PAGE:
As one can imagine, no one is prepared to take on too much risk.
One suspects that there will be an air of relief and many will be pleased that the technical glitch happened on a day where corporate news flow was limited and the leads from Wall Street were as flat as you will ever see.
The bulls have wrestled some sort of control back in U.S. equity indices, but ... there is still a good amount of technical work to be done for the bulls to fully be in control.
Anyone still left calling for a September hike next week from the Federal Reserve must be feeling a bit hot under the collar after further signs of economic vulnerabilities. It's no surprise to see reasonable buying in the short- to medium-duration U.S. Treasuries, while the longer end of the curve hardly moved.
The VIX (U.S. volatility index) had the biggest move since the U.K. referendum, gaining 39.9 percent.
Oil has been at the heart of the move, helping high yield credit spreads to narrow relative to U.S. treasuries and put real backbone behind the feel good factor.
Financials are driving the losses today. The Australian economy is slowing and there are concerns about the future of Australia's financials.
The composition of the result was a little bit disappointing.
Hotter than forecast average workweek hours, hourly earnings and participation rate suggests this report was of genuinely quality.
All-in-all, it should be a quieter week for event risk with the markets having had time to digest central bank initiatives and commentary from the Bank of England, Reserve Bank of Australia, Bank of Japan and Federal Reserve.
Of course, if the crunch came and they needed power quickly we would respond.
The fact we've only seen a modest recovery in the [currency] pair suggests trader see very little appetite for this uber-unconventional policy change and we should see the Nikkei open on the back foot today.
If we went off this report alone, then the Federal Reserve would be putting rates up today, but that is clearly not the case with the May trade balance and dovish (yet largely redundant) set of FOMC minutes keeping the growth bulls in check.
Calmer heads seem to have prevailed in the U.S. and we are once again seeing a situation where the U.S. economy is seemingly looking OK, while the U.K. and Europe are showing increasing signs of fragility.
The polls were not supposed to influence as much as they have. Overnight, we have seen a rampant position adjustment and an unwind of 'Brexit' hedges.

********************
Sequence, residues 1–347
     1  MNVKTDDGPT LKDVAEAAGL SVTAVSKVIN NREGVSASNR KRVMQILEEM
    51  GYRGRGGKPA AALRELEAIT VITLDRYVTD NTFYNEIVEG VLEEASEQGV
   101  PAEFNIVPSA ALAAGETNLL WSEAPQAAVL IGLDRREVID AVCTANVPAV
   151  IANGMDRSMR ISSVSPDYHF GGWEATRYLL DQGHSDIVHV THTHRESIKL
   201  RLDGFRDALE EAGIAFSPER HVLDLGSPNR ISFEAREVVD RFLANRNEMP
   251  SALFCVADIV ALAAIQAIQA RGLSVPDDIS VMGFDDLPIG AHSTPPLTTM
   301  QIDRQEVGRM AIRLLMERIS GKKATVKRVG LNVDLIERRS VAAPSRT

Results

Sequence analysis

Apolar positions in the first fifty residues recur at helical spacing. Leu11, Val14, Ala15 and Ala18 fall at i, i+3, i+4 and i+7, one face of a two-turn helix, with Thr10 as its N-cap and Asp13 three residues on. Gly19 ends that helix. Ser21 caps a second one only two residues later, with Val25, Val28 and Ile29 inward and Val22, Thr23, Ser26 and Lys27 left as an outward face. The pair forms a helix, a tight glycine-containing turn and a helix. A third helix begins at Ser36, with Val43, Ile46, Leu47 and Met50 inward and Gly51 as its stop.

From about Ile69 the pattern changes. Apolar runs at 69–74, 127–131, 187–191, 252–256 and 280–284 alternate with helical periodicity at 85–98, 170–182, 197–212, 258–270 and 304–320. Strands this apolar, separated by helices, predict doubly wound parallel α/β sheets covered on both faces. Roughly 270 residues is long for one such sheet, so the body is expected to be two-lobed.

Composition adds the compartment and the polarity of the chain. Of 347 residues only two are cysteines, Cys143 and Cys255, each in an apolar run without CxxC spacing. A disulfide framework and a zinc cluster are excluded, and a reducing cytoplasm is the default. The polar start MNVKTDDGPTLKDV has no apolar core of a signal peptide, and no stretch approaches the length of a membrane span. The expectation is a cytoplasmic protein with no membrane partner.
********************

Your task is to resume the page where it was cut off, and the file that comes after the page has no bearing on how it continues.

It just doesn't feel right, but I was always taught that an asset at all-time highs, or even 52-week highs, is outright bullish and should be traded as such - but no one believes we are here. many in the market are clinging to the first-quarter macro concerns (China yuan devaluation, low oil, low growth/recession, negative interest rate policy concerns and deflation fears) that they have missed the move higher.
The feeling on the floors is that the move higher in risk assets still has legs, but there is a healthy degree of skepticism and there are a number of longs waiting to reverse to short or increase cash allocations should prices show even the slightest hint of rolling over.
We have not yet reached the point where the market internals are highly suggestive of contrarian short positions. But the market is in need of some injection of new news to provide an injection of inspiration and cause a new leg higher. It seems unlikely this inspiration comes from today's U.S. payrolls.
Asian stocks have flown out of the gate and there almost feels like we could be seeing the start of FOMO (Fear of Missing Out) trading. To many, losing money is only moderately worse than missing an opportunity and the flows today have been reminiscent of this phenomenon.
The noise around potential production cuts is hugely elevated; if we don't see a cohesive response in a month or so, the speculators will no doubt start to ramp up short positions again.
These markets need a strong shake up and sharp downside move, followed by a wave of buying to settle things down. But until that comes there will be no clarity, absolutely no confidence and a bucket load of concern. There's concern the volatility will feed through into real economics and central banks will be pretty much powerless to stop it.
For those who have traded the overnight move, it almost feels like something big is brewing, similar to 24 August and the quasi-flash crash capitulation move we saw.
Despite talk last year that the so-called National Team were not going to directly intervene in stocks, this idea seems to have reversed.